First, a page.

The main idea of the following stuff is to balance each multiplayers modes (contest, multi, opti…) in terms of rewards.
Contest (solo, opti and multi)
A contest allows you to win CP based on the following formula : N^((N-C+1)/N) * 2. N number of players with a score > 0, C rank of the player.
BUT only the 3 best scores are kept. So if you have participated in 5 contests and your points are 1000, 500, 800, 600, 200, you totalize 1000+800+600 = 2400 CP * 2 for contests.
This is fairer for newcomers as they can beat the best old players by scoring high in the next contests.
The multiplayer games points are calculated in almost the same way as the contests but with these differences :
all multiplayer games are taken into account (and not only the 3 best scores)
a maximum cap of 5000 CP can be earned from a multi (in case there are 10000 players for a multi, you can only gain 5000 for it for if you rank in first place). So if you are first in 4 multi games (whoa!) with more than 5000 players, you gain 5000 *4 = 20k points.
if the cap is reached, the formula is still distributed across all the players and not only the first 5000. The formula is : min(N,5000 )^((N-C+1)/N).
Optimization (code size)
Code size puzzles points are calculated in almost the same way as the multiplayer games but with these differences:
there is a leaderboard per language and the CP gain is per language - so you can no longer win CP on the mixed leaderboard (but it can always be consulted to look for the best language for the puzzle).
any given submission gives a maximum of 200CP.
the formula is : 200^((N-C+1)/N).
only the 5 best scores for a given puzzle are kept. So, the cap to each puzzle is 1000, by being first in 5 languages.
Optimizations (performance like Mars Lander)
These are calculated like multiplayer games with a cap of 1000 CP and not per language like code size puzzles.
Clash of Code
These are calculated like multiplayer games with a cap of 5000 CP. The formula is : min(N,5000)^((N-C+1)/N)
Guru: top 100 players
Grand Master: top 500
Master: top 2,500
Mentor: top 5,000
Disciple: top 10,000
Craftsman: top 20,000
love this new system of points…especially the weightage given to achievements is great… 250 for a hard and 500 for very hard puzzle would definitely provoke everyone to solve these puzzles instead of trying too much to reduce your code size ( since i am not great at code golfing )
I guess you encougage people to participate to as many challenges as possible.
By the way , those who want to improve their code on a specific one are disadvantaged.
As a react , i realize i dont have enough time to participate a lot (several month without coding here …)
My interrest here is to discover some algorithms i would never use in other context. (geometry, search path…)
After the effort of coding a good solution, i may use same logic in another program… may be… someday…
This will never happen if i just draft a blitz program in many competitions without improving it . I need quality , not quantity , this is why i spend time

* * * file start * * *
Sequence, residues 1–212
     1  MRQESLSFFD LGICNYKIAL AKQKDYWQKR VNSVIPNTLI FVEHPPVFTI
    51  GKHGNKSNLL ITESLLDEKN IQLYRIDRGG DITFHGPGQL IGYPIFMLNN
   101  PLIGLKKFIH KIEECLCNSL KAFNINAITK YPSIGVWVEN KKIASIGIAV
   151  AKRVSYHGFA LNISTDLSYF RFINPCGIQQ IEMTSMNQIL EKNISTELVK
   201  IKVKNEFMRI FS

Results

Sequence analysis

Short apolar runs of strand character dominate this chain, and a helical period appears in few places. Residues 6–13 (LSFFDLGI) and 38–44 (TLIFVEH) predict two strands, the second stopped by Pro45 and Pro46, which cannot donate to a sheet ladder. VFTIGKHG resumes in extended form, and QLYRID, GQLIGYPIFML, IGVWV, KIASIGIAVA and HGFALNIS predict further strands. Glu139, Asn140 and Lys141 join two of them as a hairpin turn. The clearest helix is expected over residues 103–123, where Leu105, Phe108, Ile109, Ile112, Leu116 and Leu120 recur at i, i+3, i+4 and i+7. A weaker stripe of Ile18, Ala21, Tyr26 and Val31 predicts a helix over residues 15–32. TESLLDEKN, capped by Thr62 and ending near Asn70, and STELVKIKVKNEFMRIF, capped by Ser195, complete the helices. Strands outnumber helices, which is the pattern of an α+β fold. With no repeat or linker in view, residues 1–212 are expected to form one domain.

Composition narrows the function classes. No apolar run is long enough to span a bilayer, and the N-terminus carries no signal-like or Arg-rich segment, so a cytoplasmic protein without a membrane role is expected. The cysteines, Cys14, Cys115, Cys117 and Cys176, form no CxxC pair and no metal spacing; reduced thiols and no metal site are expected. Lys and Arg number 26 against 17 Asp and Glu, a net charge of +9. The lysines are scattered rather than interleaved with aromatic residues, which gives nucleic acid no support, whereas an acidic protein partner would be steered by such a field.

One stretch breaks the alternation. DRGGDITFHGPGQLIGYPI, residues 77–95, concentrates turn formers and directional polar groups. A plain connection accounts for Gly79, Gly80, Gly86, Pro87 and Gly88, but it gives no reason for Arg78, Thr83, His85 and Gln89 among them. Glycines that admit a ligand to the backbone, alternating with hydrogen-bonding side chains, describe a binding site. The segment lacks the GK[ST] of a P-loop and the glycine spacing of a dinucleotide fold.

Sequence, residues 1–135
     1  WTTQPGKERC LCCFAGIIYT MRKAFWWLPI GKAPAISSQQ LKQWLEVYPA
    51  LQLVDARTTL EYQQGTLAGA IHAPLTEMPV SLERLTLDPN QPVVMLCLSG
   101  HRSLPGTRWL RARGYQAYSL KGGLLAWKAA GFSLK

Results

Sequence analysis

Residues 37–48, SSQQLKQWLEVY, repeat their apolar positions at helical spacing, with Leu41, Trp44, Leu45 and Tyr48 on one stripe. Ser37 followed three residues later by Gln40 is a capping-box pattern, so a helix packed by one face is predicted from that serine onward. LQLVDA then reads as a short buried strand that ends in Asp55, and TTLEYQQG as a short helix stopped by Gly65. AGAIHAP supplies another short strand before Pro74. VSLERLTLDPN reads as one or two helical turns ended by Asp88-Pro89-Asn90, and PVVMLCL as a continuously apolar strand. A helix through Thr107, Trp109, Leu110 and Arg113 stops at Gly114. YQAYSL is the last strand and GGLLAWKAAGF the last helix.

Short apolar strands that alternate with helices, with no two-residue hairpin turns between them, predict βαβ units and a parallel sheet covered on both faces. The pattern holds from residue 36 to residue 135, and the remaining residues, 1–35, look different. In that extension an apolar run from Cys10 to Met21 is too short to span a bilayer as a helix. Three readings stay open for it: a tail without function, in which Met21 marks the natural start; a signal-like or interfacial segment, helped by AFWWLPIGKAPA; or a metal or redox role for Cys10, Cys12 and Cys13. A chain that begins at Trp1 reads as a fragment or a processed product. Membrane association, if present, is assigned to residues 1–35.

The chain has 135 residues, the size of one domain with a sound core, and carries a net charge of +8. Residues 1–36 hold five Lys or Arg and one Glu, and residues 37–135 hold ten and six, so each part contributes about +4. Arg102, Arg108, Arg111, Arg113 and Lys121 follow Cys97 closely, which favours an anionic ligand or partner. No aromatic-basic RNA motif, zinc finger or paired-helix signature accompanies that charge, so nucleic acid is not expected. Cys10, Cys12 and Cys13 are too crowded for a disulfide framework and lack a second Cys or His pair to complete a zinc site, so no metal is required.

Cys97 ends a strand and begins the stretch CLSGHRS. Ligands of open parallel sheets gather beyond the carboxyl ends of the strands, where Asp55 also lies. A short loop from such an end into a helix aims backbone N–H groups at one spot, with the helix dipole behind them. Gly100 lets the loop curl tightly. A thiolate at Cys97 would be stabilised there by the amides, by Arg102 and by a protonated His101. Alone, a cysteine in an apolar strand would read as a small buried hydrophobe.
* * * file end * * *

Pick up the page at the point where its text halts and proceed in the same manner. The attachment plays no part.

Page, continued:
My second thought is somehow , CG is in the same case… If many new challenges are based on the same technology : AI without datastorage… All the designed lists , menus, HTML pages will become really big and the site may suffer from having a multipage list of challenges… Sooner or later , you may want to remove some of them to keep user interface smooth …
Well , because im professional , my goal is to get more precision in algorithmics… Adding more and more issues may lead to dilution
You haven’t read much of this update, more and more point are awarded for solo play, so now you’ll have rewards for investing yourself in a game. And if you want to invest further, you can do an optimization puzzle challenge, where you can gain up to 1000CP which is currently twice the price of a very hard puzzle.
Codingame update with 1-2 puzzle every two months, that’s really not much
What does “best language” here mean? Since the formula is 200^((N-C+1)/N), and not MIN(200,N)^((N-C+1)/N), I’m guessing by “best language” you mean the one with the least participants, where the competition is the lowest?
I agree, yet with the new formula “language that allows the lowest code size” does not equal “language which will give me the most points”.
For example, Thor: Ruby has 1st place in the global leaderboard, with 96 submissions and about half of them having less than 150 bytes. Java, on the other hand, has 653, and about half have more than 600 bytes.
Being in the middle in both leaderboards gives 15 points. To get those points you have to either write 600 bytes of java (which is enough even for a pretty verbose solution), or 150 bytes of ruby, where you’d have to employ a trick or two to get below 200.
User @Plopx has a 46-byte Ruby solution for Thor. This is amazing. I’m sure he worked very hard to get it. Yet his reward is exactly the same as for his 158-byte, I’m guessing - quickly written - Java solution.
If you don’t want to inflate the global leaderboard again, I think a solution would be to give 100pts for the five best per-language solutions, and 500 for the global one. That way the best case scenario is still 1000 points, but there is still motivation to improve your results.